The mammalian circadian clock plays a fundamental role in the liver by regulating fatty acid, glucose and xenobiotic metabolism. Impairment of this rhythm has been show to lead to diverse pathologies including metabolic syndrome. At present, it is supposed that the circadian clock regulates metabolism mostly by regulating the expression of liver enzymes at the transcriptional level. We have now collected evidence that post-transcriptional regulations play also an important role in this regulation. Particularly, recent results from our laboratory show that the circadian clock can synchronize mRNA translation in mouse liver through rhythmic activation of the Target Of Rapamycin Complex 1 (TORC1) with a 12-hours period. Based on this unexpected observation, we plan to identify the genes rhythmically translated in the mouse liver as well as the mechanisms involved in this translation. Indeed, our initial observations suggest a cap-independent translation during the day and a cap-dependent translation during the night. Identification of the different complexes involved in translation at this two different times and their correlation with the sequence, structure, and/or function of the translated genes will provide new insight into the action of the circadian clock on animal metabolism. In parallel, we will identify the signalling pathways involved in the rhythmic activation of TORC1 in mouse liver. Finally, we will study the consequences of a deregulated rhythmic translation in circadian clock-deficient mice on the metabolism and the longevity of these animals. Perturbations of the circadian clock have been linked to numerous pathologies, including obesity, type 2 diabetes and cancer. Our project on the importance of circadian clock-coordinated translation will likely reveal new findings in the field of regulation of animal metabolism by the circadian clock.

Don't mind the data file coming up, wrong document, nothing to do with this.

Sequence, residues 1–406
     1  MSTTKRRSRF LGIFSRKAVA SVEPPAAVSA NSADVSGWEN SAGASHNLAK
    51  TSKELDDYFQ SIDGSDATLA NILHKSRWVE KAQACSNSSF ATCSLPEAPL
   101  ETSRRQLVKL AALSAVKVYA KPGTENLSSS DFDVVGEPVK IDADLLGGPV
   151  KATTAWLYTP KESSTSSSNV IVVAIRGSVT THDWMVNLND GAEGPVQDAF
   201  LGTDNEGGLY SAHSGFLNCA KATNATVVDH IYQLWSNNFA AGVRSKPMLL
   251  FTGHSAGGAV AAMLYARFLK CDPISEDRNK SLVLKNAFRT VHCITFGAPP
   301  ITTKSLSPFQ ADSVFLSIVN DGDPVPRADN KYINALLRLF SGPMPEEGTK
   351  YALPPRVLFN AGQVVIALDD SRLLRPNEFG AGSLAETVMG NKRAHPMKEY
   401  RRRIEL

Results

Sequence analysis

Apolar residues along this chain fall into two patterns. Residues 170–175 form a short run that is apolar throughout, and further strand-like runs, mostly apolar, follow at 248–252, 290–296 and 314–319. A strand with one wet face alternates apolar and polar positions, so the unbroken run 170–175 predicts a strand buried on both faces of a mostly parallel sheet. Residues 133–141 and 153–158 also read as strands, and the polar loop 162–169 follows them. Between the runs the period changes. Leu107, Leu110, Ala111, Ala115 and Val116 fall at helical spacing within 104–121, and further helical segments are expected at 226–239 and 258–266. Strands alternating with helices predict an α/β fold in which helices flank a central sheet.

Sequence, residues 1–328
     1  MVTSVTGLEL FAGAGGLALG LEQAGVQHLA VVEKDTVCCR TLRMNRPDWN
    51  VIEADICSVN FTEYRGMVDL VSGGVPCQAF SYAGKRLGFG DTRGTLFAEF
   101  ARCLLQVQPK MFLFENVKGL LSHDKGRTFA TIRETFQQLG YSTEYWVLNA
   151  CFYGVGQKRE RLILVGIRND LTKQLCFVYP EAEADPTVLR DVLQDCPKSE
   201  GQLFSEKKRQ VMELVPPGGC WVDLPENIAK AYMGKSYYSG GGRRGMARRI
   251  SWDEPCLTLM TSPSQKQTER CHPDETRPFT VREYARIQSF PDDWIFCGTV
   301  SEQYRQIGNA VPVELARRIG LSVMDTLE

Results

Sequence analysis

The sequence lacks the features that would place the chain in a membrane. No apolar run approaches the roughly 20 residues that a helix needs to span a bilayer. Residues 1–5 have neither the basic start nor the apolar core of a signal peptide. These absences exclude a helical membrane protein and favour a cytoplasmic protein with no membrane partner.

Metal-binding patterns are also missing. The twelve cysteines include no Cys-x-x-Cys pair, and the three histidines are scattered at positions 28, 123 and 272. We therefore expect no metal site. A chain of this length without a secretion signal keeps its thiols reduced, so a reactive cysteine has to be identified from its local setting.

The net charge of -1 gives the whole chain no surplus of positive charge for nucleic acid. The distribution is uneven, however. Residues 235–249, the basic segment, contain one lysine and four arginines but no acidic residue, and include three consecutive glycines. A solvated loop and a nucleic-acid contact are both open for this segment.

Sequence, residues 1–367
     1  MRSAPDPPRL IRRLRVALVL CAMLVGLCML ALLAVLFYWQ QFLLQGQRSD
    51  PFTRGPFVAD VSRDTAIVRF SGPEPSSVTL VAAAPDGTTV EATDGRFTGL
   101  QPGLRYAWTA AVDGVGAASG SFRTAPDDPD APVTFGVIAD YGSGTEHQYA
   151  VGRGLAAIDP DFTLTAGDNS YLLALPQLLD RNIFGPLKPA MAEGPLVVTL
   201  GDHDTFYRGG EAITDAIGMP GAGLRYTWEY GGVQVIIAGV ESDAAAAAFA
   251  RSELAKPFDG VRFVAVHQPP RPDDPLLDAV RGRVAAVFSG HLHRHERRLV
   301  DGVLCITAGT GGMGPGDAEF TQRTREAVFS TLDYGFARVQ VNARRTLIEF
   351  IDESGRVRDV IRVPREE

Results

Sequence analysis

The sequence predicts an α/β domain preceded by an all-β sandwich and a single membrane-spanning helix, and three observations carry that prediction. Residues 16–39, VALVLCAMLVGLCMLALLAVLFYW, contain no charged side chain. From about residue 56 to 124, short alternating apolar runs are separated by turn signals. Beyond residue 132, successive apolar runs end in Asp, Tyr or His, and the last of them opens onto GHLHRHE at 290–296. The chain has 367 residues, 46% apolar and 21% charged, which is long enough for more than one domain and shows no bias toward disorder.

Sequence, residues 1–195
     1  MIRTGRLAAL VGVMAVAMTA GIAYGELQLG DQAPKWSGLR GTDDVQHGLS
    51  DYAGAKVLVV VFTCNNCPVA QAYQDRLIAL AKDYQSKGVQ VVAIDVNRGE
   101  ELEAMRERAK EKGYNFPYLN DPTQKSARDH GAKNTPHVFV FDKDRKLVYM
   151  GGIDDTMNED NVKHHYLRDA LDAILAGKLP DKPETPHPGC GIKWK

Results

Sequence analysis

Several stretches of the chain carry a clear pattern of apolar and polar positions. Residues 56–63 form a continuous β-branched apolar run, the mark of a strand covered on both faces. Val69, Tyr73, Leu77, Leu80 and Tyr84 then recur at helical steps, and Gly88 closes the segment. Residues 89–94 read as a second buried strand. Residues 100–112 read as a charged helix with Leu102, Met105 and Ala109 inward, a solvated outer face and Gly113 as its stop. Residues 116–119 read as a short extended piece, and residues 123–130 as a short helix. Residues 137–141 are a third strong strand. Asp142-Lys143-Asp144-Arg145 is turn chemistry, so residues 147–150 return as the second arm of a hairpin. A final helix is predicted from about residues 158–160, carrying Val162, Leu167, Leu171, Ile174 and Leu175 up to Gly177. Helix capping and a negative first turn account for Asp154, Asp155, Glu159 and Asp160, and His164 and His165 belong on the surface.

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Funding SchemeERC-SG - ERC Starting Grant
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